Plant sale to be part of Garden & Arts Tour

When you step onto the grounds of the Lew Wallace Study, you feel as though you’ve stepped back into the slower pace of 19th century America. On June 25, the Flower Lover’s Garden Club will have its biannual Garden & Arts Tour with these beautiful, shady grounds as one of seven stops on the tour. 

Along with touring the grounds, there will be a plant sale. Many perennials will be available to purchase along with houseplants, annuals and herbs. One does need not be on the tour to purchase plants. The tour will be from 11 a.m. to 5 p.m., rain or shine.

Tickets may be purchased for $10, (children 12 and younger free) at the Crawfordsville District Public Library, Milligan’s Flowers, Pro Green Garden Center, Davidson’s Greenhouse, Country Hearts and Flowers or the Montgomery County Visitors Bureau. Maps and descriptions of the gardens, crafters, and musicians are included on the ticket.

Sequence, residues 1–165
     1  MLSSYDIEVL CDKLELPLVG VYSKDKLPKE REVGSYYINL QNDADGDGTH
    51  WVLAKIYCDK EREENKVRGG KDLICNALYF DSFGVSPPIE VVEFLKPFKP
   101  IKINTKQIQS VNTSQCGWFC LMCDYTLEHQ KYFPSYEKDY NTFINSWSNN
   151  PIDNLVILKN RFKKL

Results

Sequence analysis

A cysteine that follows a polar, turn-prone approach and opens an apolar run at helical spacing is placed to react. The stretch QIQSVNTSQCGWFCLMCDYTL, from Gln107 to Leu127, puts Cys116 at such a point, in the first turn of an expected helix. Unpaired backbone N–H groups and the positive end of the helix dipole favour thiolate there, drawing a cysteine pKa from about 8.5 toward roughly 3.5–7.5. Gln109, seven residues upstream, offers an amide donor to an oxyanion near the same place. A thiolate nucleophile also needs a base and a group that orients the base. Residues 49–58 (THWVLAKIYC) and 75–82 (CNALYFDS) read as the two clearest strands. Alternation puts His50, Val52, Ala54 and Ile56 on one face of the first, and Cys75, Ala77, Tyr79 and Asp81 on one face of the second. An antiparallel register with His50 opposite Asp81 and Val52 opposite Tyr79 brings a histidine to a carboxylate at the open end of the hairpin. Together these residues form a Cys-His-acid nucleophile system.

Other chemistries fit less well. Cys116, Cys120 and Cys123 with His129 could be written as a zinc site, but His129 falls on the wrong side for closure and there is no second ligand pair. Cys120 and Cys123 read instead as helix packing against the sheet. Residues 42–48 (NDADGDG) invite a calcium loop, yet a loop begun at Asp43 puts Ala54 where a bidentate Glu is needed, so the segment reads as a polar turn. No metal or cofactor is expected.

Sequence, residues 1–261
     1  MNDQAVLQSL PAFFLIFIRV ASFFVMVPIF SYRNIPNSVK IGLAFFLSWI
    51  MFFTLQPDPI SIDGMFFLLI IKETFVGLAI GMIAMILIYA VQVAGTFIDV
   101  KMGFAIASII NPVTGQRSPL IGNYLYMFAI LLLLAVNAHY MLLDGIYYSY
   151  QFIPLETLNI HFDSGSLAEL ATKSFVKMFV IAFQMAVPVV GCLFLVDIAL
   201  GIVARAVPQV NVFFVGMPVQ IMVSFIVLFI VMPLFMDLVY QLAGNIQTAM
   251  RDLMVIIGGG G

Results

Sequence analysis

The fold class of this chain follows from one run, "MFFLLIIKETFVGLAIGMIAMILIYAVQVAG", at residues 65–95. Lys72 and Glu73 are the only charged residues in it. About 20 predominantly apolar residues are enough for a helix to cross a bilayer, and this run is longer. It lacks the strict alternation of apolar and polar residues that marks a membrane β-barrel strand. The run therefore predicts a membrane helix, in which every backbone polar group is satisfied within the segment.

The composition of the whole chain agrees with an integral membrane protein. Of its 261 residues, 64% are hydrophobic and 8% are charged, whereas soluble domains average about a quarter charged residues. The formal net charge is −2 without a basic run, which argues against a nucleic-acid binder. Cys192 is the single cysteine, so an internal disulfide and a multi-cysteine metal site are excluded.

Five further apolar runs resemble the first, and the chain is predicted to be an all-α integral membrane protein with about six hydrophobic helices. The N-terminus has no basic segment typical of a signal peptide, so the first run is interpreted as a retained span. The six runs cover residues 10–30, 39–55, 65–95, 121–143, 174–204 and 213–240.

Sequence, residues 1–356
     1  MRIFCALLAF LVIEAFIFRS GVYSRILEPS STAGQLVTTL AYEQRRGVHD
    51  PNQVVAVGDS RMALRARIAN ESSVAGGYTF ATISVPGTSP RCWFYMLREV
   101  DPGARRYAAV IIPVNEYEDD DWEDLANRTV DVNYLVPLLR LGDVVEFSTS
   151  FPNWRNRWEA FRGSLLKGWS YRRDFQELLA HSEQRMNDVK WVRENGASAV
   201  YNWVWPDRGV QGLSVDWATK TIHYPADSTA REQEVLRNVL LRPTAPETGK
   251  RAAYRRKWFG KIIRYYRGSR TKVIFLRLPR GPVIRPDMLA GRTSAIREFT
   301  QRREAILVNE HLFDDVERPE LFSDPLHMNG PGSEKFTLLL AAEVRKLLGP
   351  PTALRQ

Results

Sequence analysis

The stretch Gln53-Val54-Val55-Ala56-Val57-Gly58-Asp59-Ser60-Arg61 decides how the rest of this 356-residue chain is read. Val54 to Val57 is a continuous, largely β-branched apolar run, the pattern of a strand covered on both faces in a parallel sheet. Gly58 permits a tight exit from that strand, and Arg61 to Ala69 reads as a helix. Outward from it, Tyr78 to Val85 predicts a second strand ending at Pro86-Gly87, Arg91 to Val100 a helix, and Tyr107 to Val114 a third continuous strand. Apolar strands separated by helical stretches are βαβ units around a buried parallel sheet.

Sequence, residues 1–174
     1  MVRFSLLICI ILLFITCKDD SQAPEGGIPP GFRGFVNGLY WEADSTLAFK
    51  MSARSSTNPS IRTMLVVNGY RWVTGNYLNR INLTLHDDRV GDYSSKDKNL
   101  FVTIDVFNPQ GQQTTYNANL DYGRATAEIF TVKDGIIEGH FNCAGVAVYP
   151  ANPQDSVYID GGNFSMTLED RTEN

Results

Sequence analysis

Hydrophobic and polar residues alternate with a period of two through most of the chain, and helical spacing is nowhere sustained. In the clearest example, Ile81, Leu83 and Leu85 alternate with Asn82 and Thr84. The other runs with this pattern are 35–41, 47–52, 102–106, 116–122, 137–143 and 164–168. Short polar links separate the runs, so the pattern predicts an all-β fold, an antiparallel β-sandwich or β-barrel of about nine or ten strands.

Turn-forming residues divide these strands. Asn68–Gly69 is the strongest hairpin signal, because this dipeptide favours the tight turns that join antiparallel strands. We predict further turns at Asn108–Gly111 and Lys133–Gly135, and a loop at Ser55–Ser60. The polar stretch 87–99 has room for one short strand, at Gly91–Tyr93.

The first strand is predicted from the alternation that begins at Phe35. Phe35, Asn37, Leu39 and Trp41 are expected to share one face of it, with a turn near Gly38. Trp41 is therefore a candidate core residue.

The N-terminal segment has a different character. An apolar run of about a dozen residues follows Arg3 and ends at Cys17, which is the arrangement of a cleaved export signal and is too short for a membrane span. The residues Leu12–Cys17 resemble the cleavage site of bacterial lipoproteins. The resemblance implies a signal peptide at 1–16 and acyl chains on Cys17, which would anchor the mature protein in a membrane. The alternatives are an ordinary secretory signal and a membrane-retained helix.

Lew Wallace, author of the novel, Ben Hur, built the study to have a quiet place to write. Deb King, curator, said that it was also his wife, Susan, who requested his absence and relief from his pipe smoke. Among his many hobbies, Lew liked to fish in the moat that surrounded the study. He eventually removed it and planted The Mote Garden, for his children’s safety.

Plantings are all true to this period in history featuring a variety of hostas, ligularia, butterbur and lilies among several perennials. In the northwest corner are the Ben Hur Beeches, a grove of trees, named after the famous novel along with several Chinese gingkoes and paw paw trees that bear a fruit similar to the banana. Trees are labeled, a gift from Flower Lovers, and are often used by students for projects.

In 2007, the Lew Wallace Study and Museum, started its Adopt-a-Spot Program. This allows anyone who would like a garden plot in memory of a loved one or to advertise a business, to partner with the museum in maintaining these beautiful, historical grounds. No maintenance required. Other points of interest are the Carriage House; Little Free Library, a miniature replica of the study; and the original stone wall.

Don’t miss the Garden and Arts Tour which features music and art along with seven lovely gardens.